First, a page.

Different people have a variety of reasons for reading the Bible. The same is no doubt also true for those who do not read the Bible. Some have no interest in the Bible and others have a great deal of interest. While they all do not follow the same practice, most Christians have at least some interest in reading the Bible.
I recently finished a new book that not only reinforced a lot of what I already believed about the Bible, but also reminded me why believers benefit so much from reading it. The title of author Michael F. Bird’s latest book for the Christian community is SEVEN THINGS I WISH CHRISTIANS KNEW ABOUT THE BIBLE.
On the surface the title may seem a little pompous and demeaning, but the content is informative and instructive for those who have been Christians for a long time as well as newer Christians and all those in between. The book is neither overly academic nor overly simplistic.
While I enjoyed all seven of the chapters and appreciated the content, I was most struck by three affirmations Bird made in chapter 6 about “The Purpose of Scripture Is Knowledge, Faith, Love, and Hope.” His three observations on pp. 150 and 151 provide a great deal of encouragement and challenge for all of us when it comes to Bible reading:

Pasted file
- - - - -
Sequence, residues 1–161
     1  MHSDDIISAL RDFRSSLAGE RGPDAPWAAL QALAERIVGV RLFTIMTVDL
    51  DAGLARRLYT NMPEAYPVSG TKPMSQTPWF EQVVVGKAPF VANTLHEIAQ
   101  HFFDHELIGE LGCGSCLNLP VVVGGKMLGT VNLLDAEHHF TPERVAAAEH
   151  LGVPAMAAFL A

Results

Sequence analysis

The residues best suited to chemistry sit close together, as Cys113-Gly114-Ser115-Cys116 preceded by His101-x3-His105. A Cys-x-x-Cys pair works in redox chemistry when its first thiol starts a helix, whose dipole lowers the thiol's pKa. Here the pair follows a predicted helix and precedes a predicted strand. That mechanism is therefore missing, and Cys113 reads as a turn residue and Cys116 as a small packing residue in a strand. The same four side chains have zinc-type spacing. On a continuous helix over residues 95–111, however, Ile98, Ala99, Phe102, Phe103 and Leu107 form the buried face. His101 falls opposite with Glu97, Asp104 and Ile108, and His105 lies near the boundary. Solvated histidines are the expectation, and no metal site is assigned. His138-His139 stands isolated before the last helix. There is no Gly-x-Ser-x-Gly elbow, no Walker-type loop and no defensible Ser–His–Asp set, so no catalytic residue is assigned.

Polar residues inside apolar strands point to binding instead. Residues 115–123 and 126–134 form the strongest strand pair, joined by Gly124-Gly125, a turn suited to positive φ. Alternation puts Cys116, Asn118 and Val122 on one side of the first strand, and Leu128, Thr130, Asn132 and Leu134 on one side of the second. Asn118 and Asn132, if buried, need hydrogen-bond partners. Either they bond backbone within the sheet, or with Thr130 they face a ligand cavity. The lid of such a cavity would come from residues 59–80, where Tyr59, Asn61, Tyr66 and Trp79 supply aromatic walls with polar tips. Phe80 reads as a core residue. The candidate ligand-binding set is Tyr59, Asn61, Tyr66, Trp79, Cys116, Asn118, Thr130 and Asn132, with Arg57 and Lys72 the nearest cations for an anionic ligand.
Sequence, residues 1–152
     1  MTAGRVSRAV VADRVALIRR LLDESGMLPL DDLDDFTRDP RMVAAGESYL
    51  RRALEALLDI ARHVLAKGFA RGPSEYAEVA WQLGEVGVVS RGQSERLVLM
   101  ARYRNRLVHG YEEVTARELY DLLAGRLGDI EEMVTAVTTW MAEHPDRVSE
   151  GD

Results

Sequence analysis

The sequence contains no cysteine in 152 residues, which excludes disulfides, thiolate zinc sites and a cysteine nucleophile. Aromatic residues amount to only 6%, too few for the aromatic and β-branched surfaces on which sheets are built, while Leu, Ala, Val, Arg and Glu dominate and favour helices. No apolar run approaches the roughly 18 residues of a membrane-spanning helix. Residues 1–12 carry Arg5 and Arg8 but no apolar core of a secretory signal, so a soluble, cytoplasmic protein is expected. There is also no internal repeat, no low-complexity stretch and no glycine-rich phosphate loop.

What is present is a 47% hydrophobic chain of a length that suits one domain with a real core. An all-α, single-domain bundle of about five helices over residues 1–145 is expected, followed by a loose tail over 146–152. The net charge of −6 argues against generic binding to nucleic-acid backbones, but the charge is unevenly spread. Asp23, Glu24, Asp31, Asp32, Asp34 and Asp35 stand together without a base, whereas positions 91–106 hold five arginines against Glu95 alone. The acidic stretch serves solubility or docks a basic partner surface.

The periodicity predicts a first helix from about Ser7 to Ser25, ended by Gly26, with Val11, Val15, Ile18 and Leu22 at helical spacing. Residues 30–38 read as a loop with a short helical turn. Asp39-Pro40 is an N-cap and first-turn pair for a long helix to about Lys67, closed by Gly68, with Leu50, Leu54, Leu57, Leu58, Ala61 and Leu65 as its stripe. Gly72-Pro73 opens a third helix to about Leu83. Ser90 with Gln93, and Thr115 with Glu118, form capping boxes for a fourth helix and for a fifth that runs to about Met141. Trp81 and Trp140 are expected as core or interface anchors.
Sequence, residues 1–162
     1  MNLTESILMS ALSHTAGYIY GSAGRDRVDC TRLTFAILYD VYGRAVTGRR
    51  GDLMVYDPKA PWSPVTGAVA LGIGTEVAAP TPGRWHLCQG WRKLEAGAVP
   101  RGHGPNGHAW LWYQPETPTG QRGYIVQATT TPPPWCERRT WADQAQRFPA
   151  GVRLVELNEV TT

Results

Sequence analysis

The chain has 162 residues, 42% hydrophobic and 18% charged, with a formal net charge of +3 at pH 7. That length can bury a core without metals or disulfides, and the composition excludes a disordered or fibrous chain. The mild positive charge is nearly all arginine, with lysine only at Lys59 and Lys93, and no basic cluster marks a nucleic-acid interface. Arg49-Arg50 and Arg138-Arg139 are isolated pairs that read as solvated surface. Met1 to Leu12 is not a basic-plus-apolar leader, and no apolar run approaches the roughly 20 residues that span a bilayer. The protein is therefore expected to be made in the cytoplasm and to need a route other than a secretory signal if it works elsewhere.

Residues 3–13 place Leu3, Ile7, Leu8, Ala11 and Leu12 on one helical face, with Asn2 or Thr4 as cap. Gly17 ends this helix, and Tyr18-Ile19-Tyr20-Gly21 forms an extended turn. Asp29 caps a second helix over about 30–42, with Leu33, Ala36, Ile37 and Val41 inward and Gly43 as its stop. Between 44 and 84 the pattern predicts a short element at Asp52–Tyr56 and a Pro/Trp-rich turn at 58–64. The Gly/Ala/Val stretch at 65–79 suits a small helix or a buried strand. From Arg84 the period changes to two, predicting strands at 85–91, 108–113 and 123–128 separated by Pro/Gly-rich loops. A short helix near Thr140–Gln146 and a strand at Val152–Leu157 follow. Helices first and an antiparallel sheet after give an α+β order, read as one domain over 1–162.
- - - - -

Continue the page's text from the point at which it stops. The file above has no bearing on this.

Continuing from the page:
“The purpose and power of Scripture are experienced in the discipline of immersing oneself daily into the mystery of God as he reveals himself in his word.”
“If we engage in consistent and wise readings of the Bible, individually and communally, then hopefully we will reap many of the benefits of marinating our minds in Scripture.”
“To put it briefly, I like to say that the purpose of Scripture is that God’s people would attain the knowledge of God, deepen their faith, abound in love for God and love for others, and enjoy the assurance of hope—these are things we get from Scripture!”
Those three statements Bird wrote rang my bell with regard to reminding believers why we should read the Bible.
I certainly don’t know what your practice is or isn’t when it comes to reading the Bible, but Bird gives us a lot to think about. If you are a regular reader of the Bible I affirm you and hope you find Bird’s observations meaningful. If you are not a regular reader of the Bible and think you might want to get started again or give it a try, I would suggest the Gospel of John as a good place to begin.
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